The Supreme Election Committee has finally announced the results of Egypt’s constitution referendum that stated a turnout was 38.6% of the 53 million eligible voters, 98.1% of whom approved the draft constitution. This result can seem perplexing to many outsiders, but it should not; it is an accurate reflection of the current trajectory in Egypt, following a painful three years of instability, polarization and the collapse of law and order. The outcome of the referendum should give all parties some food for thought, particularly, the army chief Abdel Fatah al-Sisi. The result of the referendum indicates that his problem is not just the Muslim Brotherhood but also his weak, unsustainable coalition, particularly in the country’s much-neglected south and western regions.
Even the most optimistic of Sisi’s supporters admit that the turnout was less than ideal. Despite aggressive campaigning by state and private media as well as top religious figures and political parties, including Salafi Nour, the overall turnout failed to reach the desired target of 40% or above. The low turnout was particularly obvious in the Southern regions (Qena, Sohag, Assiut 23-24%), Fayoum 23.7%, and even more alarmingly, Marsa Matrouh (near the Libyan border), which had the lowest turnout of 16.2%. The reasons for this lack of numbers in those regions are twofold; first, they are regions that have many Brotherhood strongholds and a record of strong backing for Morsi in the second round of presidential elections. There is no doubt that the call for boycotting was welcomed by many in those peripheral, deprived regions. Secondly, there is turbulent record of violence and sectarian tension in the south of Egypt, as well as arms smuggling and tribal links with Libya in Matrouh. Many voters may have simply avoided the polls for fear of revenge attacks from Islamists, or the ongoing violence between the Islamists and the police.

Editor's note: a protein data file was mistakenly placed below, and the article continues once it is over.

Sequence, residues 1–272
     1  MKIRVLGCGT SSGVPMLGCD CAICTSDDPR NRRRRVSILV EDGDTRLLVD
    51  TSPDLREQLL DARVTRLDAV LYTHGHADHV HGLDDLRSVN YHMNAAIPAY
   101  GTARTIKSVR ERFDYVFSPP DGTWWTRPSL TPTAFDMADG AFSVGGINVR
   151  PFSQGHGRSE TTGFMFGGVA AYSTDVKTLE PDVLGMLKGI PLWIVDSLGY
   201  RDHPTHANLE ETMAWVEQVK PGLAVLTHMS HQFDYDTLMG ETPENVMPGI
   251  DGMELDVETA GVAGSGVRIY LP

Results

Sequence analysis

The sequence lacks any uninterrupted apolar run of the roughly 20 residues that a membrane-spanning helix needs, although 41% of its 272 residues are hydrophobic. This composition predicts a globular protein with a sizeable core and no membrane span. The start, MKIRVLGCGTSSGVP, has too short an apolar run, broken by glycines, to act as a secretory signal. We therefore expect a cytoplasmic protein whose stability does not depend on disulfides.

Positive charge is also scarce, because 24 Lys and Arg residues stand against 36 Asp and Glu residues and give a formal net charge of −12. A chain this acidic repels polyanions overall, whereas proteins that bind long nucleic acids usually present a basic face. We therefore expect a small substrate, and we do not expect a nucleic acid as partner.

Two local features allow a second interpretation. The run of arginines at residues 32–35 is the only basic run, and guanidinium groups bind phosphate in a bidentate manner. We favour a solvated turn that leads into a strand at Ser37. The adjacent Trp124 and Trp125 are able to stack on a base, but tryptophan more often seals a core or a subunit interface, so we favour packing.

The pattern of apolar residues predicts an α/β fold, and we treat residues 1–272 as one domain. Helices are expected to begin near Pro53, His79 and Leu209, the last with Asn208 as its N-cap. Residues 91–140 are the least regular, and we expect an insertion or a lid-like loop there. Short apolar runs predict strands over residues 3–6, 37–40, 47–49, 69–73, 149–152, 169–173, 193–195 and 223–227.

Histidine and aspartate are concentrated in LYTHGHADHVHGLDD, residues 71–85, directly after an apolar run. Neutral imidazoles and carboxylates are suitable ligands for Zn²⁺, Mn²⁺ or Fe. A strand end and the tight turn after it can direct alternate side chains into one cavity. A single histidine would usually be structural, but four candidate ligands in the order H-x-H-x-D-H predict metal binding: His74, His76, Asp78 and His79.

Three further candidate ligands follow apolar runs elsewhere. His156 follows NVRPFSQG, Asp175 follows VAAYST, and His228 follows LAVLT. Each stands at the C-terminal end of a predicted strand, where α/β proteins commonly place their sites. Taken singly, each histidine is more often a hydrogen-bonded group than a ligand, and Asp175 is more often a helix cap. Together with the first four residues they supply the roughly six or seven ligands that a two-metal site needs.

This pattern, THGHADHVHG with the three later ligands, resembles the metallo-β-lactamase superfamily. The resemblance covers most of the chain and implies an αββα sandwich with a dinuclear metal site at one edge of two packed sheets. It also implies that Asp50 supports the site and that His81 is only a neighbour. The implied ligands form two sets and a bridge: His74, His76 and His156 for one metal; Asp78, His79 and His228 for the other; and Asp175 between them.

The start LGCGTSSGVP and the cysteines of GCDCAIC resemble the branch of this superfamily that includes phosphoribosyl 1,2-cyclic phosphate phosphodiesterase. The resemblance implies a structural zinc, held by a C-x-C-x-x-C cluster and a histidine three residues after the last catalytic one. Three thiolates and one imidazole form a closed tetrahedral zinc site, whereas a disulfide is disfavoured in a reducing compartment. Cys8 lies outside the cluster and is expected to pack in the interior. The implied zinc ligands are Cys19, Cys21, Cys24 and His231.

The Anti-coup Coalition
The Muslim Brotherhood and their supporters have continued with their dualism; on one hand, they claim that the higher than 98% yes vote indicates that the referendum results are rigged, while on the other hand they are gloating about the less-than-expected turnout. This is simply ridiculous; they can’t pick and choose the results that suit their views, and reject the rest.
It is true that the referendum was conducted in a very oppressive environment, with an aggressive campaign for the “yes” vote being conducted by the state and private media, top religious figures, and political parties. It also true that many campaigners for a “no” vote were arrested by security forces. Nonetheless, there is no reason to assume that the actual vote was rigged – the 19 million Egyptians who voted for the new charter have done it while fully aware of the implications of their vote, and that should be more alarming to the Brotherhood. Out of three referendums that Egypt has witnessed since January 2011, their own constitution referendum has scored the least popular with a 32.9% “yes” vote.
There are many studies that indicate how boycott is a bad idea. It is worth remembering that their political arm the FJP party is still not banned. Participation would have made them viable in the political arena and paved the way for their open participation in the next parliamentary election. Furthermore, violent intimidation of “no” voters on the days of the referendum would have had a detrimental effect on the military-led government’s image more than suppressing violent clashes with protestors elsewhere. The Brotherhood made the army‘s claims of securing a landside “Yes” vote easier.